CHICAGO — Since the AIDs Run and Walk Chicago began in 2001, there have been many advances in treatment and prevention of HIV.

Our own Dean Richards, serving in his annual role of Master of ceremonies, talked with Aids Foundation of Chicago CEO John Peller on treatment advancements.

“Some of the great news now is that people living with HIV, if they’re on continuous and early treatment, can live completely healthy lives,” Peller said.

There is a new medication in pill form called PrEP, Pre-Exposure Prophylaxis, that is 99% effective in preventing HIV, according to Peller.

More than 30 community organizations benefit from the money raised at the event—offering housing, mental health services, substance abuse counseling and treatment as well as medical visits and medication.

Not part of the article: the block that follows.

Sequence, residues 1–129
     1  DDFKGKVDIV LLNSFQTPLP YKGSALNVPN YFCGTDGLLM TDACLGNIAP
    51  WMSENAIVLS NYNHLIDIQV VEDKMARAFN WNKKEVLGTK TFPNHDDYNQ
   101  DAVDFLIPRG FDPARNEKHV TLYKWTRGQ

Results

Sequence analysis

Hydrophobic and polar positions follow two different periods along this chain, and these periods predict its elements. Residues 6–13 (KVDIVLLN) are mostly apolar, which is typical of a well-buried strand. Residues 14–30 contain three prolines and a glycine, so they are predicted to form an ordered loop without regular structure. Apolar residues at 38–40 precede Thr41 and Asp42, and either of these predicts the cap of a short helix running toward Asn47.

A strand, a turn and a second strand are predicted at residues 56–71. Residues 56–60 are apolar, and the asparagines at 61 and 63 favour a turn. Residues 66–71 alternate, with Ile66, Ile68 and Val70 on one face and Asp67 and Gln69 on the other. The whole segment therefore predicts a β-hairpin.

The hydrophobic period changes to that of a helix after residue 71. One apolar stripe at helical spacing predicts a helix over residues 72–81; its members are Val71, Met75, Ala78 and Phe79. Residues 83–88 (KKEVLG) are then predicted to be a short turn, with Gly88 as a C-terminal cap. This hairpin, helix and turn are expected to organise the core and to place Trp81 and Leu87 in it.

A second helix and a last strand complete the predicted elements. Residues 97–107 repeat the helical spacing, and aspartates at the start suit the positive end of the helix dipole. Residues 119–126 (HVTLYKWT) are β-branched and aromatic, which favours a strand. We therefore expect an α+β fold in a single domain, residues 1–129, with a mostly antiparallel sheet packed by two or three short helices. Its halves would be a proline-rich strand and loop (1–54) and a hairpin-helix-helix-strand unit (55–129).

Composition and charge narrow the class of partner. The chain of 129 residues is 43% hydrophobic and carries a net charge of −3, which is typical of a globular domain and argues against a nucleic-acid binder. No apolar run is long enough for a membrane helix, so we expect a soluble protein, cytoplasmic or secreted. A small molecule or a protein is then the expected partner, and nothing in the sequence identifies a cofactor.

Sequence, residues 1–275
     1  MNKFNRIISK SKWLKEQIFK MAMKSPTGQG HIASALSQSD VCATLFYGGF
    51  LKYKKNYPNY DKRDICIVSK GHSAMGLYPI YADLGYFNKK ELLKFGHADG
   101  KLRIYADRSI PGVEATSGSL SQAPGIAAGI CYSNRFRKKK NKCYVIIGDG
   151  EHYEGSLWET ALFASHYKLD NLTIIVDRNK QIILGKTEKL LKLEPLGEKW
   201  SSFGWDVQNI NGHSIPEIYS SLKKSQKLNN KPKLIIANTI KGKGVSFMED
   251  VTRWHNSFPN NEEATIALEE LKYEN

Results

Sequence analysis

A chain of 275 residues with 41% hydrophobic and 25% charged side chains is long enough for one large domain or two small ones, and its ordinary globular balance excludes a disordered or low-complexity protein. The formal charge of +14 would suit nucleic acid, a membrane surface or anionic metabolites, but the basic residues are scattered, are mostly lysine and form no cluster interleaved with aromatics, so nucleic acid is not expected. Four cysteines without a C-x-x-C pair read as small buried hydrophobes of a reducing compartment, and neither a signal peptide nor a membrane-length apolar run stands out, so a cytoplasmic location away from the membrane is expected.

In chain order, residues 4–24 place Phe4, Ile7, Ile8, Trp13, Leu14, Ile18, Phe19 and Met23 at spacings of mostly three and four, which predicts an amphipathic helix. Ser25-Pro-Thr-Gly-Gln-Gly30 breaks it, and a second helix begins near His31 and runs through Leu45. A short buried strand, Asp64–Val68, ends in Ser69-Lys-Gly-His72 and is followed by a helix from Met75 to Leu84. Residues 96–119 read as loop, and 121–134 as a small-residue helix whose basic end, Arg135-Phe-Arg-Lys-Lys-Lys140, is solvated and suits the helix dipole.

Dr. Allison Arwady, Commissioner of the Chicago Department of Public Health, made connections between the community work done for HIV/AIDs to the ones that grew from the impact of the coronavirus.

“I think the advocacy that LGBTQ folks and those interested in HIV/AIDS for decades have driven a lot of the best things that have happened around COVID,” Arwady said. “[There’s been] Real work on equity, real work on trying to make sure we are getting things like vaccines to the communities where they’re most needed.”

Every step is another one taken toward making HIV what it’s become today—a medically manageable and mostly preventable diagnosis.

“We know the money we’re raising goes to research and that’ll help a lot of people and if we do our part, every little bit helps,” walker Fabiola Enriquez said.